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As far as I know, given $U=\{1,2,3,4,5,6\},A=\{1,2,3\}$ the notation for its set complement is $A^C = \{4,5,6\}$

Is there any sort of notation for a conditional set complement? For example, lets say I had a true/false variable $x_1$ who determines in an equation if $A$ should be itself or its complement. I think I could do a piece-wise function like so:

$$B=\begin{cases} A& \text{if $x_1$ is true},\\ A^C& \text{if $x_1$ is false}. \end{cases}$$

but I actually have many conditionally complemented sets that I am using. If I use a single piece-wise function, that would be $2^{n}$ cases, or I could use set operators between $n$ different piece-wise functions, but that seems very verbose. Thanks!

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  • $\begingroup$ What exactly are you trying to do? For some applications of this, the symmetric difference might do what you want. $\endgroup$ – Milo Brandt Jun 12 '16 at 20:14
  • $\begingroup$ I have "tests" that I can run on an item. Each test will tell me if the item belongs to a set of elements or not. So I can take item $i$, run test $1$ and that'll return my $x_1$. I can then run further tests to determine if $i$ is in another set and take the intersections of the results of these tests. The goal is to find what element $i$ actually is, in the least number of tests since the tests are expensive. However, I don't know of any notation that can represent what I'm trying to achieve. Does that help clarify, or just muddle the problem? $\endgroup$ – Jonathan Gawrych Jun 12 '16 at 20:36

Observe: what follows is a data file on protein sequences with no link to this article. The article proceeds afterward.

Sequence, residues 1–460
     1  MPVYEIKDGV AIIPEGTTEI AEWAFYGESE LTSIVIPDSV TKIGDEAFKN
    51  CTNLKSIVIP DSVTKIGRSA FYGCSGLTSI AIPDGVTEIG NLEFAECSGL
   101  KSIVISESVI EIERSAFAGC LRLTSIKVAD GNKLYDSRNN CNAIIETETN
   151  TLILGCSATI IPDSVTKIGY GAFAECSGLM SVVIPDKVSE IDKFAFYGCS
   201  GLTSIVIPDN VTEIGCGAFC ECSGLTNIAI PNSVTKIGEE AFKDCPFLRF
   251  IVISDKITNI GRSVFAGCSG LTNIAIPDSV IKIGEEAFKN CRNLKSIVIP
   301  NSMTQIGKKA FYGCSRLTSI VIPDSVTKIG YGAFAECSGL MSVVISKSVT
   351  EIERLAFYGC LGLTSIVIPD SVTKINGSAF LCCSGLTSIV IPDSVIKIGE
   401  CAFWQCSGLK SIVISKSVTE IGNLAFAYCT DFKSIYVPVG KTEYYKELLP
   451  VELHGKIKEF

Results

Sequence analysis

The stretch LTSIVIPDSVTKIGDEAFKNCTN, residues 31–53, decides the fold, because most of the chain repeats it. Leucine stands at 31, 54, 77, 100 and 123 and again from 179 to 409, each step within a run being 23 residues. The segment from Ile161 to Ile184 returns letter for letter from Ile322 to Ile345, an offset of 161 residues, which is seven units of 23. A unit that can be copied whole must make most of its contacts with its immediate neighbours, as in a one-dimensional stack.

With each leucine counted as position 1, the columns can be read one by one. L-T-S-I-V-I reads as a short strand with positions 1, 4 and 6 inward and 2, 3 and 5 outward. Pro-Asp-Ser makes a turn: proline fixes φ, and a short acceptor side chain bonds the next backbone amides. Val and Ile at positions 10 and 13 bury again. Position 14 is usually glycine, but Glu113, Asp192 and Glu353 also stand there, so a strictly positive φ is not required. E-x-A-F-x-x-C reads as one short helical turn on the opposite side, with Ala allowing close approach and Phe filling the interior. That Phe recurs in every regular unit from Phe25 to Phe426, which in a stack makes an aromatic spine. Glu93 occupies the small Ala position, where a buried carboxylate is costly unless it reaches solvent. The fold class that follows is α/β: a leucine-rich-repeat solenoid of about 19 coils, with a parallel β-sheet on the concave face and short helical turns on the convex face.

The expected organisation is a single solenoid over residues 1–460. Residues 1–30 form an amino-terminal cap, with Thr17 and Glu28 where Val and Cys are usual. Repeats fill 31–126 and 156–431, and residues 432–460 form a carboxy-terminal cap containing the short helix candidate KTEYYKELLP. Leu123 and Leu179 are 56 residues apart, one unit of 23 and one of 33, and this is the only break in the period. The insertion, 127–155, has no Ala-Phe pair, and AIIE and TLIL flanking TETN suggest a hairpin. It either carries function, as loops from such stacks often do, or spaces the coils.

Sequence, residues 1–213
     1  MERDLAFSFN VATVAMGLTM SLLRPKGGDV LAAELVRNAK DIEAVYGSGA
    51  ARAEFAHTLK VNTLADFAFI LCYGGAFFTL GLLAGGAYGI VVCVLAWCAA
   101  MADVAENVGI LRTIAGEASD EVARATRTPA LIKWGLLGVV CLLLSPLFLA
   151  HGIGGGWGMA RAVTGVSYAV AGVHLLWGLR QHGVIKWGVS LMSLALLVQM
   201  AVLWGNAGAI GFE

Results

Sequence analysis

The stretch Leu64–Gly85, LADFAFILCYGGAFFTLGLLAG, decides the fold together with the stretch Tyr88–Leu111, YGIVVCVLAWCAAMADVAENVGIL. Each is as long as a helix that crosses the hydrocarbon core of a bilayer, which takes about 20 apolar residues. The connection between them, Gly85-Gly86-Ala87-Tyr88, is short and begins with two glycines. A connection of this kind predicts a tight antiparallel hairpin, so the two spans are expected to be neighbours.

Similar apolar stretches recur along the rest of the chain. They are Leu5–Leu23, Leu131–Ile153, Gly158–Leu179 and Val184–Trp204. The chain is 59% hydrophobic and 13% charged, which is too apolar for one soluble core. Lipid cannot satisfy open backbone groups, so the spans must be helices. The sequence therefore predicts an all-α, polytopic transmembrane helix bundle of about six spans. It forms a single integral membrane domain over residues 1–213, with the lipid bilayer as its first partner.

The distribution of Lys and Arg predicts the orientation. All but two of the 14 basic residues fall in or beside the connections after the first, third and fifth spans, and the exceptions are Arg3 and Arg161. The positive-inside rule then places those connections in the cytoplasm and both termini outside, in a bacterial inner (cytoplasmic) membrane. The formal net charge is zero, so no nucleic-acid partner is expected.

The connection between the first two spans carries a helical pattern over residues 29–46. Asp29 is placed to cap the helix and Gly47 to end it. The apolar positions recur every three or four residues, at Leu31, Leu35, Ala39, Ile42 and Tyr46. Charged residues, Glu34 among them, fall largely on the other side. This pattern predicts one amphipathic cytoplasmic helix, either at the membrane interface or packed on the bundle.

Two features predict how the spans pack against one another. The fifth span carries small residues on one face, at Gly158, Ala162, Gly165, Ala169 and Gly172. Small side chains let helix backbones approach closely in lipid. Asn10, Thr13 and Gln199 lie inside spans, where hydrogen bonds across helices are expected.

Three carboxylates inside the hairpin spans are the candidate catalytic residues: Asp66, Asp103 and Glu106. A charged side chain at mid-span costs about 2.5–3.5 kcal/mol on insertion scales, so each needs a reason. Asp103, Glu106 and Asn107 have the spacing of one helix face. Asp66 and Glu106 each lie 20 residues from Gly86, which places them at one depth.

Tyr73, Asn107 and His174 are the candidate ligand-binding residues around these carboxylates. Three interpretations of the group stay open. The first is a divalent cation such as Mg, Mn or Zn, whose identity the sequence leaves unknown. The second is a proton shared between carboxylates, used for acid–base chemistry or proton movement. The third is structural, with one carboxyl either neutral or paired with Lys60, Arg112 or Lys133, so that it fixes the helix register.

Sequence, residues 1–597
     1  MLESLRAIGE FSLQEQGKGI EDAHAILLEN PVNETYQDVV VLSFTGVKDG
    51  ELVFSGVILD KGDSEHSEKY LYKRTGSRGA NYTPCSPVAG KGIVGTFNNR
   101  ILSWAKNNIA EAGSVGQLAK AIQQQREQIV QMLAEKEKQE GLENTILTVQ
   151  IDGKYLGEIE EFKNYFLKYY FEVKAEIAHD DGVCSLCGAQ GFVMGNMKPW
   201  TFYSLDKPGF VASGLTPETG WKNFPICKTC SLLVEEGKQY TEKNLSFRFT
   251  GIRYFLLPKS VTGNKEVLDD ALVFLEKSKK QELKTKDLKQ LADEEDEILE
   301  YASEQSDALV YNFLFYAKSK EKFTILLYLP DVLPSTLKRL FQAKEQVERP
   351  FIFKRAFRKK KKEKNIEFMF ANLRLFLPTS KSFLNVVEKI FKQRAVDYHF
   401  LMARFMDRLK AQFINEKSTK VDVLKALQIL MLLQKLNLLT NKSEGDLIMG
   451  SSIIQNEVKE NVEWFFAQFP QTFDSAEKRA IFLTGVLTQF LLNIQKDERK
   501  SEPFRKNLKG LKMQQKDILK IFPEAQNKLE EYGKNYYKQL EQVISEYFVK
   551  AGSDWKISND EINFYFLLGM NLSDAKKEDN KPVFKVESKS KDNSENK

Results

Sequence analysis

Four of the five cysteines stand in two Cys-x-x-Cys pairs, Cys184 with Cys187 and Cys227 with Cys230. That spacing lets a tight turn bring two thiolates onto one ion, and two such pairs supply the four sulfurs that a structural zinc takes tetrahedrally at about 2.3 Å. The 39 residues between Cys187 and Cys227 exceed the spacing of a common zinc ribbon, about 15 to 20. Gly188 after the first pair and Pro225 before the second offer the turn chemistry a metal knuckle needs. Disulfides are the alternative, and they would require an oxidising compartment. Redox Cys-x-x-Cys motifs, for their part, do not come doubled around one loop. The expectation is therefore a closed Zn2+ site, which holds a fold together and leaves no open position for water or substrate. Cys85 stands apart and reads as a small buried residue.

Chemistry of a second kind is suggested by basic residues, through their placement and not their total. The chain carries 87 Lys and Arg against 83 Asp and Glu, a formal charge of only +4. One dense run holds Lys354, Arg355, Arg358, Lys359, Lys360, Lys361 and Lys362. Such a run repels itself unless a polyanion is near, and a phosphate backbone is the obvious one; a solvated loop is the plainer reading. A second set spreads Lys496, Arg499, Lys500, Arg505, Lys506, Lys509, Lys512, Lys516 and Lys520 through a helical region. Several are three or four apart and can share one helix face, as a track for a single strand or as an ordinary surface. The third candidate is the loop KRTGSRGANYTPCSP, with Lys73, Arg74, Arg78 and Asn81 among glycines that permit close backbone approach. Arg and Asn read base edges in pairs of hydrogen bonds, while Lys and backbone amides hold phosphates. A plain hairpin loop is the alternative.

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    $\begingroup$ I see. If it were me, I might do something like say $x_{j,+}$ is the set of $i$ that would pass test $j$ and say $x_{j,-}$ is the set that would fail and demand $x_{j,+}=x_{j,-}^C$. You could also treat every test as a function $f_j$ from the input set to $\{0,1\}$ and treat the preimage $f_j^{-1}(0)$ and $f_j^{-1}(1)$ - i.e. the inputs leading to either of these results. Neither of these is specifically does what you want, but I think they're reasonable ways to express the problem. $\endgroup$ – Milo Brandt Jun 12 '16 at 20:56
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Could you say:

For $i=1,\dots,n$ let

$$B_i=\begin{cases} A_i& \text{if $x_i$ is true,}\\ A_i^C& \text{if $x_i$ is false.} \end{cases}$$

Now let $B=B_1\cap\dots\cap B_n$.

Or something to that effect?

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  • $\begingroup$ That seems the most reasonable and least complicated. It took me way too long to even remember "set compliment" so I wanted to make sure I wasn't overlooking any standard notation. Especially if it might have lead me to more information. $\endgroup$ – Jonathan Gawrych Jun 12 '16 at 23:31
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Usually, the symbol backslash is used to denote relative complements, and if that's what you mean then what I mean is if $A$ and $B$ are sets we would write $A$ \ $B$={$x$:$x$ is in $A$ but is not in $B$}.

Never mind that's probably not what you mean.

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